A few days ago, I finished my review of the Qingping Air Monitor. In the article, I discussed every aspect of this new indoor air pollution monitor, and it became one of my most positive reviews on this website. The device is a great package, and the price point gives the Qingping Air Monitor a fantastic value proposition for customers.
However, the Air Monitor isn’t the only product in Qingping’s air monitoring lineup. While it’s currently the top model on offer, it’s not the most popular. That award goes to the Qingping Air Monitor Lite – a device with a lower price and a vastly different aesthetic but offering much of the same functionality.
The naming scheme is far from great – the Qingping Air Monitor and Qingping Air Monitor Lite naming leaves some room for confusion – but both air quality monitors are very distinct. If I saw the devices side-by-side and were unaware of the brand, I would never guess they are from the same family of monitors.
At first glance, the Qingping Air Monitor Lite might seem like a budget product. In a world where most well-known air quality monitors cost a minimum of $200, it’s surprising to see a device costing a mere $90 (or less, depending on where you buy it). I wouldn’t blame you for thinking some corners have been cut at this price.
I will deeply examine the Qingping Air Monitor Lite in today’s review. Is the device pleasant to use? Do the app and connectivity function flawlessly? Most importantly, are the sensors on the device accurate enough for us to place our trust in? I will answer these questions and many more throughout this article.
I’ve used the Qingping Air Monitor Lite for a couple of weeks now, and I’ve done my best to include all of my thoughts in this article. However, if you feel as though I’ve missed a point, please let me know in the comments. Further, if you read this review and are left with some questions, please don’t hesitate to ask! I will do my best to provide answers wherever possible.
This post contains affiliate links. For more information, please refer to my affiliate disclaimer. I was sent a product for review, but the article is not sponsored. All opinions expressed in this post are my honest thoughts. I only recommend products that I genuinely believe in.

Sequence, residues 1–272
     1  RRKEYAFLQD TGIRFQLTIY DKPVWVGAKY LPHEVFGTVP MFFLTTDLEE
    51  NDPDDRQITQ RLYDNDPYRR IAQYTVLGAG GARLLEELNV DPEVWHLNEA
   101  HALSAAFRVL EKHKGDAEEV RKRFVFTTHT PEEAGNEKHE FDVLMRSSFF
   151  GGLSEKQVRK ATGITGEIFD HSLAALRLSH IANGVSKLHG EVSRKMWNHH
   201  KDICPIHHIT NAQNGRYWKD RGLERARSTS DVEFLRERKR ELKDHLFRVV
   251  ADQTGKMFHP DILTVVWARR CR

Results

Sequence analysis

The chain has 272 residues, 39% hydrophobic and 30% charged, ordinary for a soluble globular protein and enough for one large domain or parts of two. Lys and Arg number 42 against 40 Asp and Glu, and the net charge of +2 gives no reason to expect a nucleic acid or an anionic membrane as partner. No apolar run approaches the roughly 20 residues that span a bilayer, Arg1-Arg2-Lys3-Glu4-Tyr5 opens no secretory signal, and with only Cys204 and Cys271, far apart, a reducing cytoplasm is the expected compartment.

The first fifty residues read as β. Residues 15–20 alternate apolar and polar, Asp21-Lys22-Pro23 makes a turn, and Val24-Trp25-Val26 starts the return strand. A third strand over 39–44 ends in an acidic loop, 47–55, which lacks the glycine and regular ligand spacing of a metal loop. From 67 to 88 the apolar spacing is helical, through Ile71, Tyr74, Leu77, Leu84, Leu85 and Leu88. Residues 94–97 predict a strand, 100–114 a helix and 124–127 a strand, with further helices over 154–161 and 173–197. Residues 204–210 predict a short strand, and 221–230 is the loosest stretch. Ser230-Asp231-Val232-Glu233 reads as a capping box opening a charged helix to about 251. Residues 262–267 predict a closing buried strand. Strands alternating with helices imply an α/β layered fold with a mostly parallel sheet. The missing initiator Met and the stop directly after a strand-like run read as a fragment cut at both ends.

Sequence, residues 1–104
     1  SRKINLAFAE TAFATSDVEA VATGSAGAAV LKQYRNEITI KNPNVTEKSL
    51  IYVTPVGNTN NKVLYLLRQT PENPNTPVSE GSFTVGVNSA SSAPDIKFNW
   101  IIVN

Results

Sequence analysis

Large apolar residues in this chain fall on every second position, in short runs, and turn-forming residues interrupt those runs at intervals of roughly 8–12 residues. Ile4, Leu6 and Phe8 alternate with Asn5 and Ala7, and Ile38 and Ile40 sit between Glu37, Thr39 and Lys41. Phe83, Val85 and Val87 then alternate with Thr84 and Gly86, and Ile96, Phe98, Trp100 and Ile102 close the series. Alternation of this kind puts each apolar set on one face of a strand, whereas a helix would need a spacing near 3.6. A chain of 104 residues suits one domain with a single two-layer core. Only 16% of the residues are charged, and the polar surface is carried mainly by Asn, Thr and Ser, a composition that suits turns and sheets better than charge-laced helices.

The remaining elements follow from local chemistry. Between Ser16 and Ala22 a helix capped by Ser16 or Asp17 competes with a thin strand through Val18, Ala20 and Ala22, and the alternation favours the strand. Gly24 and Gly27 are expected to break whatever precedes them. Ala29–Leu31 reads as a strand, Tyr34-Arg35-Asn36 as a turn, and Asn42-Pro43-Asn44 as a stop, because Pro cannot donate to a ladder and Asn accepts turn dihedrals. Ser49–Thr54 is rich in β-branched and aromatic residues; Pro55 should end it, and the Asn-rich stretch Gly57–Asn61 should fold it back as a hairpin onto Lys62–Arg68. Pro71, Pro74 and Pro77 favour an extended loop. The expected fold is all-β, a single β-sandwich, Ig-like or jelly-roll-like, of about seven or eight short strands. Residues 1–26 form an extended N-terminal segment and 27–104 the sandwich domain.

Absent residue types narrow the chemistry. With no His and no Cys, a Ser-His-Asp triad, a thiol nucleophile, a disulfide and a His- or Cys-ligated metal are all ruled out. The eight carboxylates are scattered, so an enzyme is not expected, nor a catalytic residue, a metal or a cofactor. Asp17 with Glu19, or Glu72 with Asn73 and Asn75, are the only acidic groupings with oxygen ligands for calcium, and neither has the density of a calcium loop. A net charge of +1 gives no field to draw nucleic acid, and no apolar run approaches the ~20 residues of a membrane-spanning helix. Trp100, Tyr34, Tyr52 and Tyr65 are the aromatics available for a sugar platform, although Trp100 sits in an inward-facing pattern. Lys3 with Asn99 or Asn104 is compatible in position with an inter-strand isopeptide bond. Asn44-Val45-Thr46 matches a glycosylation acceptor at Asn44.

Information on this blog is for informational purposes only. Readers are encouraged to confirm the information herein with other sources. Furthermore, this information is not intended to replace medical advice from professionals. This website assumes no responsibility for the accuracy of the information, and information is subject to change without notice. Devices mentioned on this website are not medical devices and do not guarantee protection.
When it comes to air pollution monitors, accuracy is paramount. While a device doesn’t have to be entirely accurate (you won’t find any consumer-level air quality monitors providing completely accurate readings), it needs to be accurate enough to identify air quality trends and at least to provide a close estimate of the actual pollutant levels.
Regarding the accuracy of the sensors within the Qingping Air Monitor Lite, I’ve heard mixed reviews. On Amazon and Reddit, I’ve seen reviews stating the device’s accuracy is not great because it reads differently to other, higher-end air quality monitors. From my own experience, this is not necessarily true. I will go into further details on the sensors soon, but I want to state upfront that I’ve found the sensors perform quite well. Furthermore, SmartAir had similar findings with their PM2.5 testing – more on that soon!
The Qingping Air Monitor Lite uses the following brand sensors:
- CO2 sensor: SenseAir (S8) or Sensirion
- PM sensor: GrandWay
- Temperature & relative humidity sensor: Sensirion
While the particulate (PM2.5 and PM10) sensor is less tried-and-tested (at least in western markets), SenseAir and Sensirion are well-known and trusted air quality sensor companies. Nearly every indoor air pollution monitor on the market uses a sensor from either one or both of these brands.
Regarding the temperature and relative humidity (RH) sensors, I’ve found the RH sensor to be slightly conservative in its estimates and the temperature sensor to be about a degree higher. For example, here are my current temperature and RH readings compared to the Aranet4 and a reference monitor (which I have tested to be accurate).
- Aranet4: 78% and 17.6°C
- Qingping Air Monitor Lite: 72% and 18.2°C
- Reference Monitor: 79% and 17.5°C
On average, the relative humidity reading on the Qingping Air Monitor Lite was 3-8% higher than on my Aranet4 and reference monitor. The temperature readings also varied but were usually 0.5 to 1 degree higher than the actual room temperature. The largest difference I saw was a 1.3-degree Celsius difference.
This is by no means a deal breaker, and once I figured out these slight differences in readings, it was easy to adjust them in my head. If the Qingping Air Monitor Lite said the relative humidity was 70%, it was probably actually 73-75%. The same can be said for the temperature but in the other direction. On average, however, I trusted the relative humidity and temperature sensors to give me a decent overview of the ambient air conditions in my home.